|12/22/2017 2:41:00 PM|
Chisago City’s Council ended 2017 on a positive note. At its regular Dec. 12 meeting, Chisago City council trimmed $44,000 from the 2018 preliminary budget and held the line on its 2018 tax levy.
The amount of Chisago City’s final 2018 levy decreased to $2,544.816 from an originally proposed $2,585,055.
The city was able to achieve the levy decrease by reducing the amount budgeted toward construction of a possible future Chisago City Police Department space from $50,000 to $25,000 and by eliminating $13,500 budgeted for contracted street sweeping. (The police department building will be necessary only if Chisago City and Lindstrom fail to renew their joint policing contract, which expires in 2018.) Councilwoman Marie Rivers spoke briefly in favor of retaining the additional $25,000 for the police department fund, should it be needed. Hearing little support from fellow council members, Rivers ultimately joined in voting in favor of the reduced budget and decreased levy.
In other business: After a brief public hearing, the council voted to reduce the originally approved assessments for last summer’s street improvements for Sportsmans Drive, Shoquist Lane and James Court. Total project cost for Sportsmans Drive and Shoquist Lane came to $169,820 of which 40 percent was assessed to benefiting property owners.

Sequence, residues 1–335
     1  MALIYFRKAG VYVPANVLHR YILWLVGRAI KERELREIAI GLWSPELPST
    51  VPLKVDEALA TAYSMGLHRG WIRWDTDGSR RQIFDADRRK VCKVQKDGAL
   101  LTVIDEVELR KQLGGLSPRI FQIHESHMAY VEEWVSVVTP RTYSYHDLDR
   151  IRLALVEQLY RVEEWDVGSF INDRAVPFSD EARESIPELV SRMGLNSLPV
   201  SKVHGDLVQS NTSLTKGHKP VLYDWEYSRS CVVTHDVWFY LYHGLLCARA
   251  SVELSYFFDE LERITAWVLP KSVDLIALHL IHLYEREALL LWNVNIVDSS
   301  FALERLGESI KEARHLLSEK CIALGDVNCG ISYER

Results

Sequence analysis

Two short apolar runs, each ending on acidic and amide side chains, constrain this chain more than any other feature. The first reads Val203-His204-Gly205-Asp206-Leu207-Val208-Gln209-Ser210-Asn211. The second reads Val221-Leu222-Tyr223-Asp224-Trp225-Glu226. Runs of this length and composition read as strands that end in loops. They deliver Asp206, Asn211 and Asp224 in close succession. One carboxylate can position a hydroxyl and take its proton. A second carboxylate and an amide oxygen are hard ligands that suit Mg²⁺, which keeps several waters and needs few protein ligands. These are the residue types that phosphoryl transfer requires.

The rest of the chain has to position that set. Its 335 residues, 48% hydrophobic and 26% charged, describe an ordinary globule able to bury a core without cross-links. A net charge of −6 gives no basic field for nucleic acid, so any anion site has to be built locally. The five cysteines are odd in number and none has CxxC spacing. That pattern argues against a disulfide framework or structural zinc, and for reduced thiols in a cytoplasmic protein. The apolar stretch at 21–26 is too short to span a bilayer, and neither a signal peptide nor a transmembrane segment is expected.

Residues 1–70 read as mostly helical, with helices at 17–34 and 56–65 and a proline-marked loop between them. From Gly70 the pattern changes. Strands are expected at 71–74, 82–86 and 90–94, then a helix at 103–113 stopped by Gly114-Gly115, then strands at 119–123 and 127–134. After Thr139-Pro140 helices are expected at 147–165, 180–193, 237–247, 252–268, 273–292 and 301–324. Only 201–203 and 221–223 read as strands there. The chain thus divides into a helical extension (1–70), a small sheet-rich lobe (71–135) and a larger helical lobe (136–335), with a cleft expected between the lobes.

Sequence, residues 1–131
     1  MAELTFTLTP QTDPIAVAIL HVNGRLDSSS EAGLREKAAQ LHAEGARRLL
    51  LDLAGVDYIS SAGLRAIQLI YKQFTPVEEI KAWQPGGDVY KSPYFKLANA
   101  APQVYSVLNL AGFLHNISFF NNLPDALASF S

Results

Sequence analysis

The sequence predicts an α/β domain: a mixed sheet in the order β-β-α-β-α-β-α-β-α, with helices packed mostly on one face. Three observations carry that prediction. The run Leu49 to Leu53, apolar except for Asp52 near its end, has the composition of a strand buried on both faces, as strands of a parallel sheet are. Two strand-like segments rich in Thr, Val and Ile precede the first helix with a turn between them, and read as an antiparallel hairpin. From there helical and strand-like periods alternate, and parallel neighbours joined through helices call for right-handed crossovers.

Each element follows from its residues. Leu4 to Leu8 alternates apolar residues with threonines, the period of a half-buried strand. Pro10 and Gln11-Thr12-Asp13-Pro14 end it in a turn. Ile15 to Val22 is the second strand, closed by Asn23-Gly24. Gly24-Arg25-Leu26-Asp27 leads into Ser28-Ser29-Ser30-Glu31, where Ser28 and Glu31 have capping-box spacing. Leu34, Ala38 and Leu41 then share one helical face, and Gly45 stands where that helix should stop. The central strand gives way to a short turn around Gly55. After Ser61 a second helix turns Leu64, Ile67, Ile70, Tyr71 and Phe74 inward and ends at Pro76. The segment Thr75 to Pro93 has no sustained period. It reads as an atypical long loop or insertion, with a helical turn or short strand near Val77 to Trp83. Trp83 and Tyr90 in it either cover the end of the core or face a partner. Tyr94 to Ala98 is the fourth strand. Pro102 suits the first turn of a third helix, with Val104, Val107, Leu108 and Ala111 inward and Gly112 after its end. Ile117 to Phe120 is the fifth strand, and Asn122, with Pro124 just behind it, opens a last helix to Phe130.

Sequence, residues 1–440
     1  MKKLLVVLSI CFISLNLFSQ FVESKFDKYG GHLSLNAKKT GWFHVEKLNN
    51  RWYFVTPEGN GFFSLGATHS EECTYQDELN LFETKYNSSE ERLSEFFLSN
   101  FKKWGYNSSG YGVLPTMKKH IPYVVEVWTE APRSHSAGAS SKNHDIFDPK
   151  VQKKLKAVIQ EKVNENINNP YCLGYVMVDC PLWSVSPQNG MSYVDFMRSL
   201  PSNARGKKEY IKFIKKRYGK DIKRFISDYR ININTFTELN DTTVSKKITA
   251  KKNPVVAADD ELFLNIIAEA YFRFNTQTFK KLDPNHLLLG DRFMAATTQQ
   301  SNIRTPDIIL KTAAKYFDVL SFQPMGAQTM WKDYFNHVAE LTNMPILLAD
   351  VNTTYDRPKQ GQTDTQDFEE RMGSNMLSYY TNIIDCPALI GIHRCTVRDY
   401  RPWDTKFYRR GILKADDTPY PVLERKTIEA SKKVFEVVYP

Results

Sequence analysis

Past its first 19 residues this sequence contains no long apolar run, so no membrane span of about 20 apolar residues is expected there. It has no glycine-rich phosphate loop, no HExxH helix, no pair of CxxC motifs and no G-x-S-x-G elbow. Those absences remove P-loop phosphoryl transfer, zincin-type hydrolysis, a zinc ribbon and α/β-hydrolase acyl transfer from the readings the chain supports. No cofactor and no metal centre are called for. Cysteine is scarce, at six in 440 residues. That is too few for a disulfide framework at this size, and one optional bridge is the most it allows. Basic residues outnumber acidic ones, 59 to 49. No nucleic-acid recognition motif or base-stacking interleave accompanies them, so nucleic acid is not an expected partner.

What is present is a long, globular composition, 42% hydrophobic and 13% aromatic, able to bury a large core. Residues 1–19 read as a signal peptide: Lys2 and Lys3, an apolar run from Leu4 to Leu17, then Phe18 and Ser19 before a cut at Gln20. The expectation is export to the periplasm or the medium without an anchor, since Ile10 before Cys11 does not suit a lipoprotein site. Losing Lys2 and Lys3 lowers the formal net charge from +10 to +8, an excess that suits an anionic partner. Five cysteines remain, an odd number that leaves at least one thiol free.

Total project cost for James Court was $57,859 of which 90 percent was assessed to benefiting property owners. Because actual construction costs came in significantly lower than original bids, per unit assessments for James Court were reduced from the original $12,647 to $10,414; on Shoquist Lane from $18,924 to $17,404, and on Sportsmans Drive from $7,070 to $6,624. The motion to approve the reduced assessments passed with Councilwoman Rivers abstaining as she owns property on Sportsmans Drive.
Pechman informed the council that city staff had negotiated the purchase of a 2000 Elgin broom sweeper from the City of Fridley for $20,000. Chisago City has previously contracted for street sweeping at a cost of $13,400 a year. “The city should see a return on its investment in a little over two years,” said Pechman. “And staff will be able to sweep streets more often if necessary.” Money for the new sweeper came out of the city’s storm sewer fund.
The council agreed that its first meeting of the new year will be Tuesday, Jan. 9, 2018, at which time annual appointments will be made.